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Thursday, October 14, 2010

New Jersey Senator Challenges Governor Over Medical Marijuana Law

Senator Nicholas Scutari
By Ron Crumpton

     TRENTON, New Jersey – Senator Nicholas Scutari (D-Union) plans to repeal the rules introduced the by the Christie administration because it would make it too difficult to obtain for those who need it.

      The plan signed into law, by former, Gov. Jon Corzine called for six dispensaries that would grow and sell the marijuana, but the plan announced by New Jersey Health and Senior Services would cut that to four dispensaries, and two grow sites.

This is “unacceptable,” said Sen. Scutari.

On Monday, Scutari said that he would introduce legislation that would require the governor to withdraw or amend those regulations. If this does not provoke Christie to action, the senator says that he will introduce a resolution that would outright repeal the regulation.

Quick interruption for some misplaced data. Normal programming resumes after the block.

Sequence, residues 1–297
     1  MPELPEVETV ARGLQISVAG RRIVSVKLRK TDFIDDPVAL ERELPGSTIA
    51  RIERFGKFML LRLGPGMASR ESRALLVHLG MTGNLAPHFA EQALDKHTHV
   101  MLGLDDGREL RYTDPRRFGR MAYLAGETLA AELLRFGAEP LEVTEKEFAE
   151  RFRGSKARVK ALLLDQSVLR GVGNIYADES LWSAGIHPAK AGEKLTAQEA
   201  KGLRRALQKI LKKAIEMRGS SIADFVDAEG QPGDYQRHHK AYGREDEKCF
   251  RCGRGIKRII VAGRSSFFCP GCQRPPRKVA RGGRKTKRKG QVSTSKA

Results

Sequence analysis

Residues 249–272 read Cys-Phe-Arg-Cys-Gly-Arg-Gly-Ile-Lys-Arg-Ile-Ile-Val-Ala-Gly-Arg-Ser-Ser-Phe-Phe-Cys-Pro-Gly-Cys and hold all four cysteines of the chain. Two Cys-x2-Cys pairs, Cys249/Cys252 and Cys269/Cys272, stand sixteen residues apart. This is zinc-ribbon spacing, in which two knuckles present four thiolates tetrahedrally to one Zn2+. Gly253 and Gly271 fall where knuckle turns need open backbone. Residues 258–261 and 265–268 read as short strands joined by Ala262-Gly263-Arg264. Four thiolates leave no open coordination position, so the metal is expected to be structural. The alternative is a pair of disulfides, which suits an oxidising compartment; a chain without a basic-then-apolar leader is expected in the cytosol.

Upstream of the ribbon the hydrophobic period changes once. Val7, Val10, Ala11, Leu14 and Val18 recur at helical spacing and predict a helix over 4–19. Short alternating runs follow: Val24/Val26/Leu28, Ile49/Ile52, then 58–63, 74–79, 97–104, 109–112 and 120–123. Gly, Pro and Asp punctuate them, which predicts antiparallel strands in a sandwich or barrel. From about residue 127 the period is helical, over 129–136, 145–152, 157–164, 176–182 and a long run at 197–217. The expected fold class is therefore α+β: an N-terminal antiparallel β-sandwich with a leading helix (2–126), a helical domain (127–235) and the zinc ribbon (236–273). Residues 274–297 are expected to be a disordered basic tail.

New Jersey Governor Chris Christie
When asked about the delay that might be caused by the legislation Scutari said, "I am concerned about the delay, but it's becoming more and more clear they don't want this to happen.”

He is not alone. Many of the patients and advocates in the area believe that the Christie administration is setting the program up to fail.

There are other problems advocates have with the regulations:

First, the rules limit the marijuana to 10% or less THC. This is half the strength of the marijuana used as medicine in other states.

Second, there are so many restrictions associated with purchasing it that many think the dispensary program is useless.

Third, with only two grow operations, one federal raid or a bad crop and there will not be enough marijuana in the state to meet the needs of patients.

Finally, the state requires a twenty thousand dollar application fee ($18,000 returned if the application is refused) and requires that the dispensaries have $1 million in insurance for delivery drivers and requires two delivery persons per vehicle per delivery.

Sen. Scutari, patients and advocates say this is unacceptable; the rules are so bad many patients may continue to purchase their medicine on the street.

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